These earbuds have so much potential, and I feel like the current issues could have been fixed without a major revamp, but sadly, Doppler Lab went out of business in November of 2017, so we're not going to see any new iterations of this product.
There are more positives than negatives with these earbuds, but the price and battery life are major deal breakers. If you're a serious runner, you would struggle to get through much more than 13 miles, and forget about watching a movie. It also seems ironic to have an airplane-noise canceling filter when you can barely fly from Los Angeles to Phoenix before running out of battery. They simply wouldn't hold up as your main headphones in my opinion.
To get more feedback on the Here One earbuds, I asked a coworker who commutes to the office via the metro for his opinion after he had a chance to test out a pair himself.
"The Here Ones is an awesome piece of technology. I ride the Metro Expo and Red Line, both are extremely noisy with tons of background sounds whether someone is blasting music out of a speaker or just the screeching noises from the cars moving along. Compared to my Bose SoundSports, I can listen to music at about 50% the volume because they block out noise so well. Things that could be improved would be battery life and Bluetooth distance, but by eliminating the cord and blocking out background noises, these headphones quickly made me a daily user." - Austin T.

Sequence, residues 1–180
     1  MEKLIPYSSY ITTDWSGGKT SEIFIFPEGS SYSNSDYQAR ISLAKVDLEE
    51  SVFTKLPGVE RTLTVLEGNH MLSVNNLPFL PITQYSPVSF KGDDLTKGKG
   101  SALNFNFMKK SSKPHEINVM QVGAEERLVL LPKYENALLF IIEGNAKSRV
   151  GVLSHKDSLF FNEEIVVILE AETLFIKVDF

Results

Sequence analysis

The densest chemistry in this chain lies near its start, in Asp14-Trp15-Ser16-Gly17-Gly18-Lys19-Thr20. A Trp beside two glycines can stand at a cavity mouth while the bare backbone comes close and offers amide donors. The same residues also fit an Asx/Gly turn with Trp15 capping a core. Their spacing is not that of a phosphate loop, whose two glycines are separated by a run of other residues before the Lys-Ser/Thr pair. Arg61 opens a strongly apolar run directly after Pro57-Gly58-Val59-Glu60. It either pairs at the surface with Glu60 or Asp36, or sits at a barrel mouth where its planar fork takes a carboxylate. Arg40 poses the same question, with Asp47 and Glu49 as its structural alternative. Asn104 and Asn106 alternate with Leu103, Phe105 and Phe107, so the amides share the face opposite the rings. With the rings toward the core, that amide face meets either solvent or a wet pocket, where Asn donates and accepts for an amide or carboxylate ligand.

Overall Deal Value
When the Here One earbuds were first released, they cost $300, which is absurd considering the drawbacks. They're currently listed for $200, which is still too much in my opinion. I would expect them to keep falling in price considering they're discontinued, and if you can get them for $120 to $140, it might be worth it — especially if you don't typically use headphones for more than an hour and a half at a time.
A month later, I still love using these earbuds. I could even see them being helpful for people with hearing impairments, as you can amplify surrounding sounds. They would also be great for concerts to protect your ears while still hearing the music clearly. They're perfect for the office as well, since you can just tap the outside of either earbud to pause your music and bypass the noise cancelling filter if a coworker wants to speak to you.
Ultimately, whether you should buy these earbuds or not comes down to if you (A) can get by with 100 minutes or so of battery life when you use headphones. And (B), you're OK with spending a couple of hundred dollars on them despite their drawbacks.